To edit a sound, you simply turn the appropriate knob on the front panel, just as you would with a regular amp. If the physical position of a knob is different from the value used in a preset, the display shows a dot on either the left‑ or right‑hand side, depending on whether the knob position is too high or too low. These dots blink at a rate which increases as the knob position approaches the internal parameter value, and when the two match, both dots are extinguished. The edited patch may then be memorised by pressing Store, stepping through to the desired program location, and then pressing Store again.
Like previous Sansamp units, the Sansamp PSA1 has a built‑in speaker/amp simulator, which means it can be plugged directly into a mixing console for recording, although you do need to add your own effects, as there are none built in. For live use, the manual recommends that the PSA1 be plugged into a standard guitar amp, and that the EQ controls be used to compensate for any tonal change brought about by having both a speaker simulator and a real speaker working at the same time. In practice, this seems to work just fine.
Used DI'd in the studio, the PSA1 has the characteristic Sansamp sound, which is both valve‑like and ballsy, but because it has both pre and post‑overdrive EQ, the range of sounds you can coax from it is much wider than from the 'box' versions. The PSA1 isn't just good at dirty sounds, it's also capable of emulating most clean sounds, with the possible exception of the characteristically 'glassy' Rockman sound. In most cases, a touch of reverb and possibly chorus is all that's needed to give you a fully‑produced guitar sound. Unfortunately, when I used the unit with my PRS guitar (before reading the manual, of course!) I found that preset 00 gave the nicest clean sound of all, but when I tried to edit it, I realised it was the bypass position!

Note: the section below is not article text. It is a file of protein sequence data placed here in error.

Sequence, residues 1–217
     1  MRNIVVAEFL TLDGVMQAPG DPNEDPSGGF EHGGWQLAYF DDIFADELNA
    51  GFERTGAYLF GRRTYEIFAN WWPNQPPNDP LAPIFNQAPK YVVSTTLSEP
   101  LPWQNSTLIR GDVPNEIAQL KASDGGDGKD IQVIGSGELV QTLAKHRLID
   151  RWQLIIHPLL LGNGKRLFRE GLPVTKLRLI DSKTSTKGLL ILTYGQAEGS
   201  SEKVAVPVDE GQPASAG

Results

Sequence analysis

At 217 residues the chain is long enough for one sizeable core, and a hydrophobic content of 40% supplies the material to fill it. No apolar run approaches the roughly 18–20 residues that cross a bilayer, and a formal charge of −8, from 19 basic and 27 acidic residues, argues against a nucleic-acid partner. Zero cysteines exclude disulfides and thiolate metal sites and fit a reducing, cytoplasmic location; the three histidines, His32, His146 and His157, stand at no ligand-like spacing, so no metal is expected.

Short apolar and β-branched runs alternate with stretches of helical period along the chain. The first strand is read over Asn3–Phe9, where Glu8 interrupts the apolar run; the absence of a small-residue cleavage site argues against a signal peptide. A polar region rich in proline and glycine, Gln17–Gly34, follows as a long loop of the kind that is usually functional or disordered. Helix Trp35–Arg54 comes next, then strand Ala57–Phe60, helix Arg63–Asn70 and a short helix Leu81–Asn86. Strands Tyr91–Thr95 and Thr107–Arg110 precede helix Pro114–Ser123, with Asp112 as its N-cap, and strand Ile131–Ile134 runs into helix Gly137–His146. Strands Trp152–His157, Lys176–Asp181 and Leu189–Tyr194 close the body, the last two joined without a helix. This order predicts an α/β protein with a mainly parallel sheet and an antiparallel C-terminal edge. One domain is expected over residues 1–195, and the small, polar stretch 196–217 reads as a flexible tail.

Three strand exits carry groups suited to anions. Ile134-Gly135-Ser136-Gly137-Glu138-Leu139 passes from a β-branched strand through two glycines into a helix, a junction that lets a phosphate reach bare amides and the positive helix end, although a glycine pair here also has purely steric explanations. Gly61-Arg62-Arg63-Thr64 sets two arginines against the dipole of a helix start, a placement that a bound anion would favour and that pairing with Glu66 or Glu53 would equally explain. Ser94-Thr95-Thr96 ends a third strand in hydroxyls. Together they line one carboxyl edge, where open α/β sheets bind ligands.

What I particularly like about this unit is that the overdrive sounds are very responsive to playing style — the guitar actually seems to 'feel' different as you switch from one patch to another, just as a real amp does. There's also plenty of overdrive on tap, which gets you into the world of screaming harmonics and hammering without having to patch in a fuzz box.
Criticisms are few, though I do wonder why the Buzz, Punch and Crunch pre‑overdrive EQ controls couldn't have been labelled low, mid and high. There's also a hint of a low‑level fizzy buzz as the note expires when a bright, biting overdrive setting is used; to be fair, this happens on most other guitar DI preamps too, but I wouldn't have thought it beyond the bounds of technology to get rid of it, even if it is an exact emulation of something that some valve amps do!
On the whole, the PSA1 is good news. It DI's beautifully, it's as quiet as you can reasonably expect for anything with the capacity for so much gain, and the operating system makes it as easy to use as a traditional guitar amp. When you 'dig in', the harmonics squeal and sing, just as they do with a 'real' amp, and though you lose the contribution of acoustic feedback when DI'ing (unless you monitor very loudly!), this is about as close to the 'real amp' sound as it gets. The rock sounds also have the ability to sound loud, even at low listening levels, something that not all other units succeed in doing.
- Superb range of convincing guitar sounds.
- Very easy to use.
- Patches cannot be named, only numbered.
This may not be the cheapest guitar preamp on the market, but it is certainly one of the most effective and most versatile.